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Louisiana Department of Health & Hospitals | Kathy Kliebert, Secretary

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Statewide Initiatives



211 - Get Connected. Get Answers.

Food Safety for Eggs

Eggs are one of nature's most nutritious and economical foods. But, like most food products, it's important to know how to safely handle, prepare and serve fresh eggs and egg products to avoid food poisoning.

Egg Basics

  • Buy eggs only if sold from a refrigerator or refrigerated case.
  • Open the carton and make sure that the eggs are clean and the shells are not cracked.
  • Refrigerate promptly.
  • Store eggs in their original carton and use them within 3 weeks for best quality.

Cooking with Eggs

  • Scrambled eggs: Cook until firm, not runny.
  • Fried, poached, boiled, or baked: Cook until both the white and the yolk are firm.
  • Egg mixtures, such as casseroles: Cook until the center of the mixture reaches 160 °F when measured with a food thermometer.

Egg Recipes: Creating "Egg"cellent Desserts Safely

  • Homemade ice cream and eggnog are safe if you do one of the following:
    • Use a cooked egg-milk mixture. Heat it gently and use a food thermometer to ensure that it reaches 160 °F.
    • Use pasteurized eggs or egg products.
  • Dry meringue shells, divinity candy, and 7-minute frosting are safe - these are made by combining hot sugar syrup with beaten egg whites. However, avoid icing recipes using uncooked eggs or egg whites. 
  • Meringue-topped pies should be safe if baked at 350 °F for about 15 minutes. But avoid chiffon pies and fruit whips made with raw, beaten egg whites - instead, substitute pasteurized dried egg whites, whipped cream, or a whipped topping.
  • Adapting Recipes: If your recipe calls for uncooked eggs, make it safe by doing one of the following:
    • Heating the eggs in one of the recipe's other liquid ingredients over low heat, stirring constantly, until the mixture reaches 160 °F. Then, combine it with the other ingredients and complete the recipe. Or use pasteurized eggs or egg products.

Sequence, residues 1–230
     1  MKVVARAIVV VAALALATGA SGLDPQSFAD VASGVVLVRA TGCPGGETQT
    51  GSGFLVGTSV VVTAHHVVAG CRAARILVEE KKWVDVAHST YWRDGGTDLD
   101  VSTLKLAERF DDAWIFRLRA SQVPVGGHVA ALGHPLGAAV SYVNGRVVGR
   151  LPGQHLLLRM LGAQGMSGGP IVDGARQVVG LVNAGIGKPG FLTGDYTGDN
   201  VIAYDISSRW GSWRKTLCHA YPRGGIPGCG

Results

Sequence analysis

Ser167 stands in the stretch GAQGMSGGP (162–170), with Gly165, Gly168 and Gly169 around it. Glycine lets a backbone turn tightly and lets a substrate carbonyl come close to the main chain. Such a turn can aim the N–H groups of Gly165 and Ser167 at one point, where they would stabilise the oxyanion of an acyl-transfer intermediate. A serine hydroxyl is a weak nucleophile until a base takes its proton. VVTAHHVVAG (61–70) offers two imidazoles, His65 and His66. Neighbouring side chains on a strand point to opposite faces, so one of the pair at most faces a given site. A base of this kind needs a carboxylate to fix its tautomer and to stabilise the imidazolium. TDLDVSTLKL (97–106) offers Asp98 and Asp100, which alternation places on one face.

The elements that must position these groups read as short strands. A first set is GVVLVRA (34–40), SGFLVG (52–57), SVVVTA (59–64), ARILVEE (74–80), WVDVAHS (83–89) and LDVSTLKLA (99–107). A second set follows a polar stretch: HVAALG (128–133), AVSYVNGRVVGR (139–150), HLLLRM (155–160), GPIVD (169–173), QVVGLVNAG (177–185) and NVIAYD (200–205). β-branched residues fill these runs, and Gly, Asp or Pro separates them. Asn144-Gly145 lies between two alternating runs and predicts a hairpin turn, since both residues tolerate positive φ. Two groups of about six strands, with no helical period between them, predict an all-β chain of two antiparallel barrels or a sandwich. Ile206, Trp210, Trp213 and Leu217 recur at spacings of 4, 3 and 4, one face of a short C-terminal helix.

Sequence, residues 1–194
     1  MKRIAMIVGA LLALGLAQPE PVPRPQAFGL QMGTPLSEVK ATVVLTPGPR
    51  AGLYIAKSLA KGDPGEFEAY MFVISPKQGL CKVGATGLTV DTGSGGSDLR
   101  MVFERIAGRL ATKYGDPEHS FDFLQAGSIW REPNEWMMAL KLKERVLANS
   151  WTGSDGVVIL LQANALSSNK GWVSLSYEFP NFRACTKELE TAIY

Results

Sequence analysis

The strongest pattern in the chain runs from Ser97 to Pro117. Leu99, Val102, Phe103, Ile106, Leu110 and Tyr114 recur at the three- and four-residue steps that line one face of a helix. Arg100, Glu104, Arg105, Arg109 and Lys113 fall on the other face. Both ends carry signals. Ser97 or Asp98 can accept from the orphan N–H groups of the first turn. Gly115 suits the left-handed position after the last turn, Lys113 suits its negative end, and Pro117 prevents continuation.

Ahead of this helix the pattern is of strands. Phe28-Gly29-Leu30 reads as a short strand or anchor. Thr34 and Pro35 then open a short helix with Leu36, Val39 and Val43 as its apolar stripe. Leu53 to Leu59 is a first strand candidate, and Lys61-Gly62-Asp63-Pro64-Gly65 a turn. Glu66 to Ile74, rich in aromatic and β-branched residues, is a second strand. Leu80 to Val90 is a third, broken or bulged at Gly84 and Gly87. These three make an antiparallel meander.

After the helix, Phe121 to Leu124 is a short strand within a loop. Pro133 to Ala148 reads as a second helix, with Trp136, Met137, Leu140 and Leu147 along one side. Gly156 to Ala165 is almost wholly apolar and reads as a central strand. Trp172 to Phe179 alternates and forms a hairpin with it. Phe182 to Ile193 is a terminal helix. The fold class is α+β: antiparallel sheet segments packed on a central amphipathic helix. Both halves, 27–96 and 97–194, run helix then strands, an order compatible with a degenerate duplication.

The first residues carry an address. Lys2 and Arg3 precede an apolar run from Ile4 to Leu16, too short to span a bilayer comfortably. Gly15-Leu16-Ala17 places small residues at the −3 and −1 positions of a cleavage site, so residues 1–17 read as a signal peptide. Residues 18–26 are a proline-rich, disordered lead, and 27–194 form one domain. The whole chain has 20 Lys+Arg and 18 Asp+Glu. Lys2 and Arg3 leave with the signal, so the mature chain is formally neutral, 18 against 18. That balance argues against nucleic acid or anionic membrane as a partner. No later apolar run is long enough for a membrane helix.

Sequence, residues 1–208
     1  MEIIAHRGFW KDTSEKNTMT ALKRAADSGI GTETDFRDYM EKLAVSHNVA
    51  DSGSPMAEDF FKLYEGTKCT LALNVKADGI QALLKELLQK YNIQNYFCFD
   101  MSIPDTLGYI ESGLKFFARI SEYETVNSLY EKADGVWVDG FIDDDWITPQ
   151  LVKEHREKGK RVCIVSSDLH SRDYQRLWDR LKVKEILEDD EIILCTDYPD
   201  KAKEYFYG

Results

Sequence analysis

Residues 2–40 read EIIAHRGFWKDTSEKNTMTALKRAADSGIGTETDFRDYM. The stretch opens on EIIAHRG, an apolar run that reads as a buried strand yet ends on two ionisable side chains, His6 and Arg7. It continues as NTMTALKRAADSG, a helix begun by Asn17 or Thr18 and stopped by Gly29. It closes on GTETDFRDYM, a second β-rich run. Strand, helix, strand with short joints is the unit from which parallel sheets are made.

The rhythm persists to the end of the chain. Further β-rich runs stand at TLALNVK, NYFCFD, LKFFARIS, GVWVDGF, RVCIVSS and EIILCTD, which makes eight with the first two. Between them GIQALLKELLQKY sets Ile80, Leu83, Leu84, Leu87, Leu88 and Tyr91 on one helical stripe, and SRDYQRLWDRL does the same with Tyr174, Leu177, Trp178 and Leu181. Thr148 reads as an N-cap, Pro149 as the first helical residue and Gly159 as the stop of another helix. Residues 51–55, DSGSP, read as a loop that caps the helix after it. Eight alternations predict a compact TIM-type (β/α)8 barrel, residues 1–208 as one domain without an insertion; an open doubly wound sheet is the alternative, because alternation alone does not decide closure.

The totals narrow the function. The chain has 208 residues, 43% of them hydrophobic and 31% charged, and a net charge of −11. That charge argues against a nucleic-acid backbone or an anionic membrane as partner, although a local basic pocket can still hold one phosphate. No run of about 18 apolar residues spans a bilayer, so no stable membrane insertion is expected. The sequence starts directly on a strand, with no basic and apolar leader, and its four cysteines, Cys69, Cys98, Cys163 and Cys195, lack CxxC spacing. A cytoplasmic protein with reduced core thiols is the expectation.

• Using pasteurized eggs or egg products.

Note: Egg products, such as liquid or frozen egg substitute, are pasteurized, so it's safe to use them in recipes that will be not be cooked. However, it's best to use egg products in a recipe that will be cooked, especially if you are serving pregnant women, babies, young children, older adults, and people with weakened immune systems.

Egg Safety at Restaurants

Here are some practical things that you can do to keep you and your family safe:

  • Always ask your server whether the food contains raw or undercooked eggs. If so, find out if the eggs are pasteurized. If not, order something else. Some foods that may contain raw or undercooked eggs include:
    • Hollandaise sauce
    • Caesar salad dressing
    • Mayonnaise
    • Cold soufflés, chiffons, or mousses
    • Ice cream
    • Meringue-topped pies
    • Tiramisu
    • Certain ethnic dishes, such as Japanese sukiyaki or Korean bibimbap.
  • If you order cooked eggs, make sure that they're thoroughly cooked. Scrambled eggs should be firm, not runny. Fried, poached, boiled, or baked eggs should have firm whites and yolks.
  • Avoid eating eggs at a buffet, since the eggs may be undercooked or may have been at room temperature for too long.
  • If you plan to save leftovers to eat later, refrigerate egg dishes as soon as possible - always within two hours (or one hour if it's a hot day).

If you think that you have become ill from eating recalled eggs, contact your health care provider. For more information, see Eggs and Egg Products.

To learn how to reduce the risks of a Salmonella infection from eggs, click here.


Cross contamination is always a risk when handling raw poultry. USDA regulates poultry for the United States and provides the following guidelines which include CLEAN, SEPARATE, COOK and CHILL

CLEAN: Wash hands and surfaces often

Wash your hands with warm, soapy water for 20 seconds before and after handling food. Wash your cutting boards, dishes, etc., with hot, soapy water after preparing each food item. Rinse all fresh fruits and vegetables under running tap water. There is no need to wash or rinse meat or poultry.  LEARN MORE >>

SEPARATE: Don't cross-contaminate
Separate raw, cooked, and ready-to-eat foods while shopping, preparing, or storing. Never place cooked food on a plate which previously held raw meat, poultry, or seafood. LEARN MORE >>

COOK: Cook food to safe internal temperatures
Use a food thermometer to be sure!  LEARN MORE >>

CHILL: Refrigerate food promptly
Refrigerate or freeze perishables, prepared foods, and leftovers within 2 hours or sooner.  LEARN MORE >>